What is gynecologic cancer?
Gynecologic cancer is any cancer that starts in a woman’s reproductive organs. Cancer is always named for the part of the body where it starts. Gynecologic cancers begin in different places within a woman’s pelvis, which is the area below the stomach and in between the hip bones.
The five main types of gynecologic cancer are:
Risk factors and symptoms
Each gynecologic cancer is unique, with different risk factors. However, all women are at risk for gynecologic cancers and risk increases with age.
Symptoms typically include:
- Abnormal vaginal bleeding or discharge
- Pelvic pain or pressure
- Abdominal or back pain
- Changes in bathroom habits
- Itching or burning of the vulva
- Changes in the vulva color or skin, such as a rash, sores or warts
Treatment works best when gynecologic cancers are found early. Cervical cancer is the easiest gynecologic cancer to prevent, with regular screening tests and follow-up. Two screening tests can help prevent cervical cancer or find it early.
- The Pap test (Pap smear): This test looks for precancers, cell changes on the cervix that might become cervical cancer if they are not treated appropriately.
- The HPV test: This test looks for the human papillomavirus that can cause these cell changes.
Best Chance Network
Funded by the CDC and through S.C. state funds (allocated by S.C. Legislature), the Best Chance Network is a program working towards reducing breast and cervical cancer deaths through early detection and prevention. Best Chance Network is a breast and cervical cancer screening program offered through the Centers for Disease Control and Prevention and S.C state funds and provides the following at no cost to you.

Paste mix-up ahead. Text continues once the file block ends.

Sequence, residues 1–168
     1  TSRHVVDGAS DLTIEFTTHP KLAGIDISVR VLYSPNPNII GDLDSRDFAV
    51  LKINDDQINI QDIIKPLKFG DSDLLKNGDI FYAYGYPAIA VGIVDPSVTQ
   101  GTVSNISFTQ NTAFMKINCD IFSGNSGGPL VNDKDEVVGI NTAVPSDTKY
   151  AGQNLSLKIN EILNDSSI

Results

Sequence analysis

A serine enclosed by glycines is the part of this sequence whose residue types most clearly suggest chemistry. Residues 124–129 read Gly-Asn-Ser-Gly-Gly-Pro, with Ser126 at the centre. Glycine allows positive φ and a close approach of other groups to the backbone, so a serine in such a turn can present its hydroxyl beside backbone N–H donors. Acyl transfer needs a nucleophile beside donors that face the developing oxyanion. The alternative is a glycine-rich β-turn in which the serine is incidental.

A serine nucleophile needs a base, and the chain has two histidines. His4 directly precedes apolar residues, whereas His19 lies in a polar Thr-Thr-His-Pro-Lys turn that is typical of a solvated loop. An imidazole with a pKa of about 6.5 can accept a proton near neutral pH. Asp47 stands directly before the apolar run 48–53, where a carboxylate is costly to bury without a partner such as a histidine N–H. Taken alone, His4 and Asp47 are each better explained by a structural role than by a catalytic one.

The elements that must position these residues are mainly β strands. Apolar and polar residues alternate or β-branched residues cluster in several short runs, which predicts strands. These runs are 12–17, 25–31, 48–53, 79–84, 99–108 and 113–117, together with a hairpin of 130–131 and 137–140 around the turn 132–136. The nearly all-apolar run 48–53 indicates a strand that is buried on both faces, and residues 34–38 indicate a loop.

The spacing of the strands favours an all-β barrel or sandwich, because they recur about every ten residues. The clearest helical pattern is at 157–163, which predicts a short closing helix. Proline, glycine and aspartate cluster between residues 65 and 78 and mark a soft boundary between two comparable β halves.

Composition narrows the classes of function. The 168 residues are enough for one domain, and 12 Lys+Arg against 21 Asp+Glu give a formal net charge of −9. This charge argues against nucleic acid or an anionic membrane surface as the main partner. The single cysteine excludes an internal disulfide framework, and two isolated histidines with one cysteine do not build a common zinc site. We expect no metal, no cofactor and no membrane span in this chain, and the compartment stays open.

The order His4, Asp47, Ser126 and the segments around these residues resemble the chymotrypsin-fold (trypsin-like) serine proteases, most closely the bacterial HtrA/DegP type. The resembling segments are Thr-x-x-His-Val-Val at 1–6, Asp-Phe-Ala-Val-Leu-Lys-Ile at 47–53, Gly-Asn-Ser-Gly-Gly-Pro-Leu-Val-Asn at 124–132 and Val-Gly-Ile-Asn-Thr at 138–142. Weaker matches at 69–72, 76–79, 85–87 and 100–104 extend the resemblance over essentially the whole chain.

- Help and guidance from nurses
- Clinical breast exams by a breast surgeon
- Screening for cervical cancer
- Testing as recommended by a surgeon may include mammograms, ultrasounds and further testing as needed
- Follow-up appointments as needed
- Referrals to other doctors
Click here for more information and guidelines.
- Surgery: Doctors remove cancer tissue in an operation.
- Chemotherapy: Uses special medicines to shrink or kill cancer. The drugs can be pills you take or medicines given in your veins, or sometimes both.
- Radiation: Uses high-energy rays (similar to X-rays) to kill cancer.
Our physicians are experts in gynecologic oncology surgeries, including minimally invasive robotic surgery, and in the administration and management of chemotherapy for gynecologic cancers.